The elec­tion’s over — now what?


It was al­most un­set­tling to wake up the morn­ing af­ter the elec­tion and re­al­ize it turned out pretty much as we ex­pected.

There were, of course, some in­di­vid­ual sur­prises, but noth­ing on the seis­mic shock scale of 2016.

For months, it had been ex­pected that Democrats would win a mod­est House ma­jor­ity, and they did. The pop­u­lar vote mar­gin for the Democrats was just about right where the Scot­tRas­ Generic Con­gres­sional Bal­lot pro­jected it to be (and also about the same as the Real Clear Pol­i­tics av­er­age of all elec­tion polls).

In the Se­nate, it had long been rec­og­nized that the Repub­li­cans were likely to gain a few seats, and they did. In the cam­paign’s fi­nal days, there were five or six very close races where ei­ther can­di­date could win. But while Democrats could have won any of those in­di­vid­ual races, the GOP was fa­vored to win most of them. That’s just what hap­pened.

So now that we got the elec­tion we ex­pected, where do we go from here?

The con­ven­tional wis­dom sug­gests grid­lock is com­ing. In that view, there’s no way a Nancy Pelosi-led House will forge sig­nif­i­cant bi­par­ti­san deals with a Mitch McCon­nell-led Se­nate and Pres­i­dent Don­ald Trump.

The like­li­hood of grid­lock is very high, but I’m not sure how much it mat­ters. Over the past two years, the Repub­li­can-led House also strug­gled to reach agree­ment with the Se­nate and the pres­i­dent. Other than the tax cut and re­peal of the Oba­macare man­date, lit­tle was ac­com­plished in the leg­isla­tive arena.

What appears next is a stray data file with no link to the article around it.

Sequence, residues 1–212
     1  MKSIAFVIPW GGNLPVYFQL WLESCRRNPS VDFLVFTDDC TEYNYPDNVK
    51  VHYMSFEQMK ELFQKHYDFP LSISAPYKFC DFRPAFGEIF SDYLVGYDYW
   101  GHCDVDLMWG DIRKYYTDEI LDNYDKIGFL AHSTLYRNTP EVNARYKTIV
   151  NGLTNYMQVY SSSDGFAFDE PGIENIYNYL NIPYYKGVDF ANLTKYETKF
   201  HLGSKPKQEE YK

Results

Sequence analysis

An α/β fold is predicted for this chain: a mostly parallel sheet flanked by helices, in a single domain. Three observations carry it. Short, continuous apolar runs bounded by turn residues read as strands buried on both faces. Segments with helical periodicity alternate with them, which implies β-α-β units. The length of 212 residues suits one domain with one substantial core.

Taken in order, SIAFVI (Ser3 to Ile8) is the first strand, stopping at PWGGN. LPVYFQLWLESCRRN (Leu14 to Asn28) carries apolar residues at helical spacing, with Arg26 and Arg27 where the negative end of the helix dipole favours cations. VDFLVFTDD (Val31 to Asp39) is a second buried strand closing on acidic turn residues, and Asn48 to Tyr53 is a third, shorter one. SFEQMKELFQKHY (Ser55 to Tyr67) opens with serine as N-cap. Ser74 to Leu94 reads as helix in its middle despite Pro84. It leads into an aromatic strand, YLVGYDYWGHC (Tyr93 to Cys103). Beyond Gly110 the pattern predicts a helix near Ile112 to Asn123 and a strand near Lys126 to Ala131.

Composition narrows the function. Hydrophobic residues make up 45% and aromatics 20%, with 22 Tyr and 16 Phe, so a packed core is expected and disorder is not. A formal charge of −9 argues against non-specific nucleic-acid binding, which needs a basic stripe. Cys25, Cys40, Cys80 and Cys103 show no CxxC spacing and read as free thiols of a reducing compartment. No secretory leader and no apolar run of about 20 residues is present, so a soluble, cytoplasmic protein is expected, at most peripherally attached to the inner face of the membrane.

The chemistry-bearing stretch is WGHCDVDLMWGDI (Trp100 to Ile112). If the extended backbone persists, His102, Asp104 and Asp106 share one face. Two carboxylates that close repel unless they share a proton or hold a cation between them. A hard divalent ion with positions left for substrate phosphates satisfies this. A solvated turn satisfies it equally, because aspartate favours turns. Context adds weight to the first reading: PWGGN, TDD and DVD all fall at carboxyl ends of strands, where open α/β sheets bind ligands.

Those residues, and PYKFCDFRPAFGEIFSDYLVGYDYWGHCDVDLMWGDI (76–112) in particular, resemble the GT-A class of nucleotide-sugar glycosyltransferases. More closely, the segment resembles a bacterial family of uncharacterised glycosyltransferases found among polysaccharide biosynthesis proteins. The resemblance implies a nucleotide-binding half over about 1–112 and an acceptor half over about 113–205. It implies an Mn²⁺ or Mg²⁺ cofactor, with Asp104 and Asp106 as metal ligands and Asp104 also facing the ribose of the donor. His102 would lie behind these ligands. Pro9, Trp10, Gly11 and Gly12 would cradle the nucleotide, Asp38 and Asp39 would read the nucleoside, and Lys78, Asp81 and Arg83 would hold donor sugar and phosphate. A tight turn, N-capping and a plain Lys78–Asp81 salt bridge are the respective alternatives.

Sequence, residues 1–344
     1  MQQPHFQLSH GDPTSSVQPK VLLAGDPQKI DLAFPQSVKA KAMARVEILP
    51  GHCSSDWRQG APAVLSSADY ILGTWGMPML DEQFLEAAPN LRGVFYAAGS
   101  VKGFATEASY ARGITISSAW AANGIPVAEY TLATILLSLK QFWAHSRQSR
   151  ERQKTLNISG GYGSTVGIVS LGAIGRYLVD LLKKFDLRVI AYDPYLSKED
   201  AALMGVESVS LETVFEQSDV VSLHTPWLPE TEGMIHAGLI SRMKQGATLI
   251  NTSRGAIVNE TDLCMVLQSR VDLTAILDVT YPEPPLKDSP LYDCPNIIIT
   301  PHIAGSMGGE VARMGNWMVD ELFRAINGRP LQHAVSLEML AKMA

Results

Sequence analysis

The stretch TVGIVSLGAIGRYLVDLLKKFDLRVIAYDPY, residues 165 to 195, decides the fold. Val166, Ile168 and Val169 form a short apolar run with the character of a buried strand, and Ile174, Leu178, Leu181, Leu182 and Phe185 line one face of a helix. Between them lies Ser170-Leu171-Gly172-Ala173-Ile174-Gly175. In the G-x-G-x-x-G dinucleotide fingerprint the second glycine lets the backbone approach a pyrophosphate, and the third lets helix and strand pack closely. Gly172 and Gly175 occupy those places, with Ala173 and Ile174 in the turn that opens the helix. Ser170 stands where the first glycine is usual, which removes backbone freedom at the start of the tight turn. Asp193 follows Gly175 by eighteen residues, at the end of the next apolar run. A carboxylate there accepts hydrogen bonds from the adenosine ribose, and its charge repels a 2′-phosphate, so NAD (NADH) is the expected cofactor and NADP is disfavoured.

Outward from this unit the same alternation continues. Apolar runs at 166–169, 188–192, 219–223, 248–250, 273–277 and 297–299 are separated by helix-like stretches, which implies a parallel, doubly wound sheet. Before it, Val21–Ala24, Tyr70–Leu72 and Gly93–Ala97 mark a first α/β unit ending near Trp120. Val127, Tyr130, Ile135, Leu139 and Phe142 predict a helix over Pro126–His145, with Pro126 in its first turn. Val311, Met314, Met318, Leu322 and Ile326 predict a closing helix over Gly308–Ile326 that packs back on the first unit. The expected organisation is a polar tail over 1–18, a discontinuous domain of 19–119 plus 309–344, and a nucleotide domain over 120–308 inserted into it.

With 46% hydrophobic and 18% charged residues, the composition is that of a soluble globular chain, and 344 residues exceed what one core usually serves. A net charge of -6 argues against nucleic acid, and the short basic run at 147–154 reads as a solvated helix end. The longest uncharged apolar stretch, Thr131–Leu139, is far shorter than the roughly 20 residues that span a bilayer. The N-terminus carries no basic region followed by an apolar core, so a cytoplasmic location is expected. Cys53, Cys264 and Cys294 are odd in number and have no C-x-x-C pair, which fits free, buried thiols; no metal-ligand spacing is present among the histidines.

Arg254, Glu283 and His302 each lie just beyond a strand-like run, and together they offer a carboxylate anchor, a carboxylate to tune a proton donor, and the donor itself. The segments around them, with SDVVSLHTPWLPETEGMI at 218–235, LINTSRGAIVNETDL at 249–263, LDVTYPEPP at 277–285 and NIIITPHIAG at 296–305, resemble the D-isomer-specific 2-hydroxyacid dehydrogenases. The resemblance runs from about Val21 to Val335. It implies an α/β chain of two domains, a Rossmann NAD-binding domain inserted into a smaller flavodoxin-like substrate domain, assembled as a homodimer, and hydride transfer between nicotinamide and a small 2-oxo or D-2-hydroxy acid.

But the lack of leg­is­la­tion does not mean a lack of im­pact. The Trump Ad­min­is­tra­tion did take some mod­est steps to re­duce the reg­u­la­tory bur­den. That ac­com­plish­ment seems es­pe­cially sig­nif­i­cant be­cause it fol­lowed decades of enor­mous reg­u­la­tory growth.

The dereg­u­la­tory ef­fort is al­most cer­tain to con­tinue. Among other things, there will be an on­go­ing ef­fort to give Amer­i­cans a greater de­gree of con­trol over the health in­sur­ance they pur­chase. Lower-cost in­sur­ance that doesn’t cover ev­ery imag­in­able pro­ce­dure may be frowned upon by bu­reau­crats in Wash­ing­ton, but they are wel­comed by mil­lions who have to buy their own in­sur­ance.

Ad­di­tion­ally, with an in­creased Se­nate ma­jor­ity, the pres­i­dent will find it eas­ier to con­firm judges who are skep­ti­cal of an allpow­er­ful fed­eral gov­ern­ment. That’s es­pe­cially true be­cause the Repub­li­can Se­nate vic­to­ries in 2018 make them early fa­vorites to re­tain con­trol of the Se­nate in 2020. If there is an­other Supreme Court nom­i­na­tion in the com­ing years, the con­fir­ma­tion will be a lot smoother with a big­ger Repub­li­can ma­jor­ity.

For their part, the Democrats are likely to launch many in­ves­ti­ga­tions of the pres­i­dent. But they will feel an on­go­ing ten­sion be­tween a pro­gres­sive base de­mand­ing im­peach­ment and more mod­er­ate Democrats fear­ful of of­fend­ing cen­trist vot­ers. That ten­sion will carry over to is­sues like health care, where pro­gres­sives dream of ban­ning pri­vate in­sur­ance com­pa­nies and forc­ing all Amer­i­cans into a gov­ern­ment-run health care sys­tem. The moder­ates rec­og­nize that such a plan is not pop­u­lar with the rest of the coun­try.

So, over the next two years, we’re likely to ex­pe­ri­ence grid­lock. But that doesn’t mean a lack of ac­tion. In­stead, we’ll see dereg­u­la­tion and ju­di­cial ap­point­ments from Repub­li­cans. And Democrats will try to re­solve their party’s in­ner ten­sion be­fore the 2020 pres­i­den­tial elec­tion.

To find out more about Scott Ras­mussen, visit www.cre­

Newspapers in English

Newspapers from USA

© PressReader. All rights reserved.